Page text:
You’ve heard the old saying, “If you can’t beat ‘em, join ‘em.” Well, there are certain situations in the management of wildlife world when a slightly edited version of that phrase fits perfectly. Here in the United States, especially the southeastern U.S., and even more particularly right here in Mississippi, the situation we face with wild hogs calls for a slightly edited version of the old saying, and it goes like this: “If you can’t beat ‘em, shoot ‘em!”
For years, wild hogs weren’t a problem. In certain areas of the state, especially the lower Delta, their numbers were increasing at an alarming rate, but there were enough passionate hog hunters to pretty much manage the problem. Folks like Mike Braswell and Wick Eatherly, armed with fine horses, tenacious hounds, and plenty of friends who wanted to join them on post deer season hog hunts, went a long way in holding down the hog population.
What most folks don’t realize, though, is that hogs have from 8-10 pigs per litter two times a year. For every hog shot by avid hog hunters, nearly 20 are taking its place. It doesn’t take an accountant or math major to figure out the problem of an exponentially increasing hog population. That is exactly what has happened here in Mississippi and all throughout the southeastern states, from Texas to Georgia.
Houston, we have a problem, a very serious problem!
Wildlife departments and game biologists, in cooperation with hunters, have tried just about everything imaginable to try to get a handle on the hog problem. Hunting hogs, day and night throughout the year, is helping, but the numbers keep increasing. In Texas, the problem is so cataclysmic that shooting hogs from helicopters is being employed in an attempt to control the hog population. The numbers are still increasing.
No one likes to see any species of animal being shot in wholesale lots, but in this case, it is absolutely necessary that every hog, boar, sow and piglet, when spotted, should be shot. When it comes to the hog epidemic, it’s time for, “If you can’t beat ‘em, shoot ‘em!”
While some will no doubt cry foul over this management approach, my only concern is with the meat. I hate to see the meat from harvested animals go to waste. In my experience, the meat from medium to small wild hogs is delicious. The larger hogs make good sausage, but the use of extreme techniques to manage the wild hog problem should include plans for the meat once the animals have been taken.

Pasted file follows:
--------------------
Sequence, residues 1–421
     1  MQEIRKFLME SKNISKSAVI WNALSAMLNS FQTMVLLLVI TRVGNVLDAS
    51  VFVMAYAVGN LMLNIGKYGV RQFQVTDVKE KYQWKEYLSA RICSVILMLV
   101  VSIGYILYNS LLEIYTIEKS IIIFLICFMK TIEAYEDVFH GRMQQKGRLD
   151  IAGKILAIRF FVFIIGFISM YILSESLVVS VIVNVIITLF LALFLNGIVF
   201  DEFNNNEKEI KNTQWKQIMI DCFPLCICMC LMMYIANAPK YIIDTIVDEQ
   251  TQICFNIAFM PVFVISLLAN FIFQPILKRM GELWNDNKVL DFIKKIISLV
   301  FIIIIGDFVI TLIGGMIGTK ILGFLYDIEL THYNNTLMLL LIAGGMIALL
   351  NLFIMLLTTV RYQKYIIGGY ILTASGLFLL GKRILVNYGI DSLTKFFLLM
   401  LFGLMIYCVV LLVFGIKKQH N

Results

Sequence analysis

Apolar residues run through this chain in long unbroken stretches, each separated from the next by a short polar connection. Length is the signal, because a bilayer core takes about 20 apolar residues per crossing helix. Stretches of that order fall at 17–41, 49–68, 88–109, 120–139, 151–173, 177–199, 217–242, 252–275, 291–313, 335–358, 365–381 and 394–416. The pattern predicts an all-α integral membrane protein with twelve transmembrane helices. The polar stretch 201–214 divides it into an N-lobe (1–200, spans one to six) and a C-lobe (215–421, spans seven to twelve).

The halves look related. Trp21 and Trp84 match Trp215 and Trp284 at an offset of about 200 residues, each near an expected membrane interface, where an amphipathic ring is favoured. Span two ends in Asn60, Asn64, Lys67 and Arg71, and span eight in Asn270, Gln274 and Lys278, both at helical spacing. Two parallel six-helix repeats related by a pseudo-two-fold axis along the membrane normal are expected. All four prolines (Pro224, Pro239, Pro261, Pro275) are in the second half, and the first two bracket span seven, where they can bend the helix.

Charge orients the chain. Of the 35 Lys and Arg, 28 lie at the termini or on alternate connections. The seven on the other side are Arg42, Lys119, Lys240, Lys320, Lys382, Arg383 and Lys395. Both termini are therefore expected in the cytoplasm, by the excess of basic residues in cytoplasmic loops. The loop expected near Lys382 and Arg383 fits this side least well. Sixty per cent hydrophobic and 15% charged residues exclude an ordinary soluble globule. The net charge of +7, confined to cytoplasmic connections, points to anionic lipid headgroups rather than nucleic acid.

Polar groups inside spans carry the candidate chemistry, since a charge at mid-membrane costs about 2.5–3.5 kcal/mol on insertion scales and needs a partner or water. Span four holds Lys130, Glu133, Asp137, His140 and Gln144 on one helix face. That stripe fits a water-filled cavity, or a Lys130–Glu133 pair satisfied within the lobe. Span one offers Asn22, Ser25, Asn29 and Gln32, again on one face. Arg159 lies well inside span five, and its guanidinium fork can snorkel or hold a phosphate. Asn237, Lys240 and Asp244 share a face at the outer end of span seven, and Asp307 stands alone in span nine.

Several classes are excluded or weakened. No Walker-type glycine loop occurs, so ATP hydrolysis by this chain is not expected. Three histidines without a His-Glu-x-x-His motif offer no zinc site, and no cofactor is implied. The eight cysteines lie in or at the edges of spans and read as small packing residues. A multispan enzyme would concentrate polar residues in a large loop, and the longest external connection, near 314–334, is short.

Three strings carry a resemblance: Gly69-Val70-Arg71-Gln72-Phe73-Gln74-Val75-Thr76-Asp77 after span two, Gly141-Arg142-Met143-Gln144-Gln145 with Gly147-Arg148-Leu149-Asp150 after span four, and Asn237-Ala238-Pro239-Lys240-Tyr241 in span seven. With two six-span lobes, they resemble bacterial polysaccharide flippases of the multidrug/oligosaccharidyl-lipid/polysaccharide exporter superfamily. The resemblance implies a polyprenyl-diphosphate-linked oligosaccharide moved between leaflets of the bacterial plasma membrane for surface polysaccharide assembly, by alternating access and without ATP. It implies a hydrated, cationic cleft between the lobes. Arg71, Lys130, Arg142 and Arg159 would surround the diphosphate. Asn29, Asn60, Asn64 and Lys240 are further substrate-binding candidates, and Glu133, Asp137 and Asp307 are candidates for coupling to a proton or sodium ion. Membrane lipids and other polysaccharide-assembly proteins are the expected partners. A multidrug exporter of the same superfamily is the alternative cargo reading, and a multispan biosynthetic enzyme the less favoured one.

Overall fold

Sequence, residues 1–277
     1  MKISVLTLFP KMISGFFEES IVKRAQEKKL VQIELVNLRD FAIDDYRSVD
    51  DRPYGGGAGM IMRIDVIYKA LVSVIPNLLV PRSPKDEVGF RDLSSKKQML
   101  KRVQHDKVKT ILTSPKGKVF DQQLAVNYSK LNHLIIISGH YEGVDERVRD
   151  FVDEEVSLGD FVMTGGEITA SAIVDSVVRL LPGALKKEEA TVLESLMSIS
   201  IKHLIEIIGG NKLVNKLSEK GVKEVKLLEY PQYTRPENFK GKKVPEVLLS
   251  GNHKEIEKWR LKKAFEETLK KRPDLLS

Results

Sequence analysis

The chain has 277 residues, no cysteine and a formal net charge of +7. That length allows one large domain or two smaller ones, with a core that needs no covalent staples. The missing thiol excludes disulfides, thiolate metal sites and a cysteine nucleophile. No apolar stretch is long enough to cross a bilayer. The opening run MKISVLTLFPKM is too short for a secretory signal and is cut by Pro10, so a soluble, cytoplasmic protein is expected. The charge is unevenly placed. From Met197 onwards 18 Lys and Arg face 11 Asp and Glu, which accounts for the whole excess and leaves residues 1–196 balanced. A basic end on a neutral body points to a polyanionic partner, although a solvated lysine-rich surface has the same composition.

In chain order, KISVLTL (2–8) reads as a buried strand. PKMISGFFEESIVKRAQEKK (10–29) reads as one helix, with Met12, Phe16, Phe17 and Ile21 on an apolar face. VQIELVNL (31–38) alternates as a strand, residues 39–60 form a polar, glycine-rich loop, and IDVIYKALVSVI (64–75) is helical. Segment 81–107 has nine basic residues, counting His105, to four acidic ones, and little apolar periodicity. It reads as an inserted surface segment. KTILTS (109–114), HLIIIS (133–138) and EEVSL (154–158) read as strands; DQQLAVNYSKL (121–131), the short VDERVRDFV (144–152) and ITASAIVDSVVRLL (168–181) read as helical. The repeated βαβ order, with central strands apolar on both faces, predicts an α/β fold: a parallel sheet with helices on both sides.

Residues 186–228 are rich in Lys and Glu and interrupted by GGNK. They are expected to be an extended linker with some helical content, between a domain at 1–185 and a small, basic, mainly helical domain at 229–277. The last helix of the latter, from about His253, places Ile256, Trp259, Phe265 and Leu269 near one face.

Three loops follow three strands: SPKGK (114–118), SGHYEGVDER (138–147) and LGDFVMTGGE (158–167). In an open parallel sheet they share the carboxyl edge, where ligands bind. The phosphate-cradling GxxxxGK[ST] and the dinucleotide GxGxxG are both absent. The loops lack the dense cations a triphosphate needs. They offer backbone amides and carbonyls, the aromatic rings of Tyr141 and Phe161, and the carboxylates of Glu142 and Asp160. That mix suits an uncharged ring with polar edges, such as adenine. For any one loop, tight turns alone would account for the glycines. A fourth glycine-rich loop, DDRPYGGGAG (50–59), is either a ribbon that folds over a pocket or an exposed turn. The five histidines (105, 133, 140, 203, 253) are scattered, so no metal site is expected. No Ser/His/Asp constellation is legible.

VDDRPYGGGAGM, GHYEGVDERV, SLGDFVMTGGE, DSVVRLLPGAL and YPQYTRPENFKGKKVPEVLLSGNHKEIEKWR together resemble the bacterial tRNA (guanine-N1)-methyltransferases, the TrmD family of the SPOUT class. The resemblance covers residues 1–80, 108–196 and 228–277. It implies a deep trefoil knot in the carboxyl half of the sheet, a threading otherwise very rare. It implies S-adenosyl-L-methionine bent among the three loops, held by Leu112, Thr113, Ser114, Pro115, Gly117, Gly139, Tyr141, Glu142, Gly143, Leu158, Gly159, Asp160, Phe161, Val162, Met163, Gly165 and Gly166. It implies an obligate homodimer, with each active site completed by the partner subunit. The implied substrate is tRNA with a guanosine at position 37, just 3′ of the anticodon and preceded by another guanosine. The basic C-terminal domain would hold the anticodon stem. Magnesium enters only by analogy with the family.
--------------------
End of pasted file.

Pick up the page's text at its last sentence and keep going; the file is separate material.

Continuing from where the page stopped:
Whether it’s wild, feral hogs here in Mississippi, or warthogs in South Africa, the hog problem is the same. On my son-in-law’s game ranch in South Africa, warthogs are a perennial problem. Nearly every hunter who pursues plains game also wants to take a huge warthog boar, one with really long tusks. Every year we have to cull quite a few sows in order to, in some small way, control the ever increasing population of warthogs. We have found that a rifle with a suppressor works extremely well in eliminating whole family groups, and in every case, we have people lined up for the meat of every hog we shoot.
For a population short on protein in their diet, the warthogs are a blessing. Just like here in Mississippi, the only effective management tool for hogs is, “If you can’t beat ‘em, shoot ‘em!”
Believing that the only way to effective manage the wild hog problem here and in Africa, is to shoot ‘em might be a long shot for some of you. It would be for me too if the animals were simply shot and the meat wasted, but this must never be the case. Shooting enough of them to control the population may be, in actuality, a long shot, but whatever we do, let’s don’t be afraid to go with the long shots. Live life to its fullest every moment and be ready!
Rev. Richard Wiman is the pastor of First
Presbyterian Church in Belzoni, an avid hunter
and an accomplished, much-published writer.